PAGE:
Title:
Detachable drive unit for a snowboard
Kind Code:
A1


Abstract:
A Detachable Drive Unit for a Snowboard includes a low-profile drive belt assembly designed to be mounted underneath a pre-existing, conventional snowboard, and a drive motor which powers the drive belt for propulsion up snow-covered hills or over variable snow-covered terrain. The device is easily removable, compact and lightweight, facilitating its transport in a backpack, allowing the device to remain with the snowboarder while the snowboard is ridden downhill in a conventional manner.



Inventors:
Fodor, John Victor (Raleigh, NC, US)
Application Number:
10/464020
Publication Date:
08/12/2004
Filing Date:
06/18/2003
Assignee:
FODOR JOHN VICTOR
Primary Class:
International Classes:
A63C5/08; A63C17/10; (IPC1-7): A63C5/08
View Patent Images:



Primary Examiner:
VANAMAN, FRANK BENNETT
Attorney, Agent or Firm:
John V. Fodor (Raleigh, NC, US)
Claims:

What I claim is:



1. A detachable drive mechanism for propelling a conventional snowboard and snowboarder on snow comprising: a frame designed to be attached under the rear portion of said conventional snowboard, said frame having a front end and a rear end a front roller mounted towards the front end of said frame a rear roller mounted towards the rear end of said frame, parallel to said front roller a drive belt which extends around said front roller and said rear roller, that is capable of providing traction on snow a motor coupled to said frame which supplies power to at least one of said rollers thereby driving said drive belt.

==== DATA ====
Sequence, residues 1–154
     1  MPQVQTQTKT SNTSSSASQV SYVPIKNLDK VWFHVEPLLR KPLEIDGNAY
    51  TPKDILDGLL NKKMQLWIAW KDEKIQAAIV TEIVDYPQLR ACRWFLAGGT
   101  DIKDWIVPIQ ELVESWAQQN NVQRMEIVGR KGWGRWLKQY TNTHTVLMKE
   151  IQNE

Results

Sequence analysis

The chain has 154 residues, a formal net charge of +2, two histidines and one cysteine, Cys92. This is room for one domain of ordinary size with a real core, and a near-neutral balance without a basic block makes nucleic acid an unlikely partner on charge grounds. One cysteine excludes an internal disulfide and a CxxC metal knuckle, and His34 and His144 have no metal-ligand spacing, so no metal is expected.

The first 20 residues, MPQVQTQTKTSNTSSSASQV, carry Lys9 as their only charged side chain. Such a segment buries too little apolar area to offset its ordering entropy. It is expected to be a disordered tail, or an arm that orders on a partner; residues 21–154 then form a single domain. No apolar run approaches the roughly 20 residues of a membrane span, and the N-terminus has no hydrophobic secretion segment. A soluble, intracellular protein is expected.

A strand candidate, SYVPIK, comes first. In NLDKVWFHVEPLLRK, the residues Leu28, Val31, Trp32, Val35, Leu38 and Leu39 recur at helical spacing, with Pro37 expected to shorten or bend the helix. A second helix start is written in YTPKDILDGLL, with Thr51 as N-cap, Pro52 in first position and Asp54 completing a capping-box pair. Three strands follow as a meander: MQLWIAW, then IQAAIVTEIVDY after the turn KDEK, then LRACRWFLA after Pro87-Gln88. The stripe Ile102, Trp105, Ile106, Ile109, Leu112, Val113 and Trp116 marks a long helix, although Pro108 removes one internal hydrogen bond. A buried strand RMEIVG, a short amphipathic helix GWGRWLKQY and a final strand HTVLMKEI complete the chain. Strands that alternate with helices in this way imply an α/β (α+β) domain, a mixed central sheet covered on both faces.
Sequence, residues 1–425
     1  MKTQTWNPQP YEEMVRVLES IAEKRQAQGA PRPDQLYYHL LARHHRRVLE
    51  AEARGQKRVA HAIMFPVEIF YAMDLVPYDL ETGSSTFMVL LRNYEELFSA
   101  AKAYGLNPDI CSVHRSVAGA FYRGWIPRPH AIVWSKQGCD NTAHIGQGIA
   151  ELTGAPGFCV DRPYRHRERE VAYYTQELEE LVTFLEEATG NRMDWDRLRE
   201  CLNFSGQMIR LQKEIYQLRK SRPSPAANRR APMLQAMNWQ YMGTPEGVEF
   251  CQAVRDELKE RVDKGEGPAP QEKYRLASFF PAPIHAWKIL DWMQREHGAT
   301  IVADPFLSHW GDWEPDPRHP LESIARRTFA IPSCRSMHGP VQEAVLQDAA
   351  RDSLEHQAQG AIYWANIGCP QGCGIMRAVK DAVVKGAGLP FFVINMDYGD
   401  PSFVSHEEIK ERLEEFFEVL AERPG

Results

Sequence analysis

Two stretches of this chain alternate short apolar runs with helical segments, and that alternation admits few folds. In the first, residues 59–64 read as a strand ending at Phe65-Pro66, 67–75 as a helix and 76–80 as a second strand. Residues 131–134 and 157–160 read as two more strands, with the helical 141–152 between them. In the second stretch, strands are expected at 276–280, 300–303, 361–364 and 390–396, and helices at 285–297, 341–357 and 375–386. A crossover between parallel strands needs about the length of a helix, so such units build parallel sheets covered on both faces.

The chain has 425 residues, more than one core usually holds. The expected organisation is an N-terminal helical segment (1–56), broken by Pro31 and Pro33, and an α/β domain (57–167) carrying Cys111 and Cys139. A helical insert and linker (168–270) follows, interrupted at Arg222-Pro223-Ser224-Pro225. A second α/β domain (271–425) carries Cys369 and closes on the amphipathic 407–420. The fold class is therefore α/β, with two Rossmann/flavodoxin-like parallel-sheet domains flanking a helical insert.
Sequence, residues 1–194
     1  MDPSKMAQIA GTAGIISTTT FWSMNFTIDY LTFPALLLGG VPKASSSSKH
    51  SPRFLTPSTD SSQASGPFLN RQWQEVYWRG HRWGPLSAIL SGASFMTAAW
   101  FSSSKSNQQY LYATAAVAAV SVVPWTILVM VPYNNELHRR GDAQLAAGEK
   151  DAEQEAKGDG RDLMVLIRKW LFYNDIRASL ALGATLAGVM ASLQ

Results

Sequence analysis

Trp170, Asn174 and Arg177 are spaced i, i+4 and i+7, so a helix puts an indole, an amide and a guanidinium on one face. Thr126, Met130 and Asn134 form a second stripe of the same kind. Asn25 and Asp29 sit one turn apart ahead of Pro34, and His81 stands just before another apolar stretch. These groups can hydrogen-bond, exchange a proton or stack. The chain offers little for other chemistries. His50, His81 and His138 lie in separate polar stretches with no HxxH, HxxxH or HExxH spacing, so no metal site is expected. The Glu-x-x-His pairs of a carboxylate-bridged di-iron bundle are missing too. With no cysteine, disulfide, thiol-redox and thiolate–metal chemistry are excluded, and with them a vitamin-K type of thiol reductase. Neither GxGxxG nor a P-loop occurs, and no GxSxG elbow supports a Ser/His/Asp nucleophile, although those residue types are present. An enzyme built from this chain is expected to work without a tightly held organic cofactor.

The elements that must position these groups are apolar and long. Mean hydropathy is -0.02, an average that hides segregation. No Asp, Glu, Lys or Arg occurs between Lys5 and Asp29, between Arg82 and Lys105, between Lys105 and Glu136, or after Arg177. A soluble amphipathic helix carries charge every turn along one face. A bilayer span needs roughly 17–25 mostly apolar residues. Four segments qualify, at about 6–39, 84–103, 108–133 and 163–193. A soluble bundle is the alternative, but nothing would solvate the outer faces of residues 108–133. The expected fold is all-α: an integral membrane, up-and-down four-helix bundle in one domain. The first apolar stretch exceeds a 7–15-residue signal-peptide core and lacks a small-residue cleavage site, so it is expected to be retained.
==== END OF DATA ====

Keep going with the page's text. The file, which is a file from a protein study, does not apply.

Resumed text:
2. The detachable drive mechanism of claim 1 wherein: said rear roller is operatively connected with said motor and includes drive teeth designed to engage with said drive belt.

3. The detachable drive mechanism of claim 2 wherein: the rear roller is larger in diameter than the front roller thereby creating an angled path for the underside of the drive belt with respect to the top side of said drive belt.

4. The detachable drive mechanism of claim 1 further comprising: a removable snow compression plate that extends forward at an angle from the underside of the front of said detachable drive mechanism, to the underside of said conventional snowboard creating a transition between the underside of said conventional snowboard to the underside of said drive belt.

5. The detachable drive mechanism of claim 1 further comprising: a conveyor belt type slider bed mounted to said frame between said front roller and said rear roller which supports the underside of said drive belt.

6. The detachable drive mechanism of claim 1 further comprising: a plurality of freely rotating rollers mounted to said frame between said front roller and said rear roller which support the underside of said drive belt.

7. The detachable drive mechanism of claim 1 further comprising: an internal belt wiper which cleans the interior surface of said drive belt of snow and directs the snow out of said frame.

8. The detachable drive mechanism of claim 1 wherein: said motor is positioned on top of the rear portion of said conventional snowboard.

9. The detachable drive mechanism of claim 1 further comprising: a frame with vertically oriented sides which extend below the lower surface of said drive belt, said sides functioning as sleigh runners to support some of the weight of the snowboarder when operating said detachable drive mechanism on packed snow.

10. The detachable drive mechanism of claim 1 wherein: said detachable drive mechanism can be attached to said conventional snowboard without involving structural alteration to said conventional snowboard.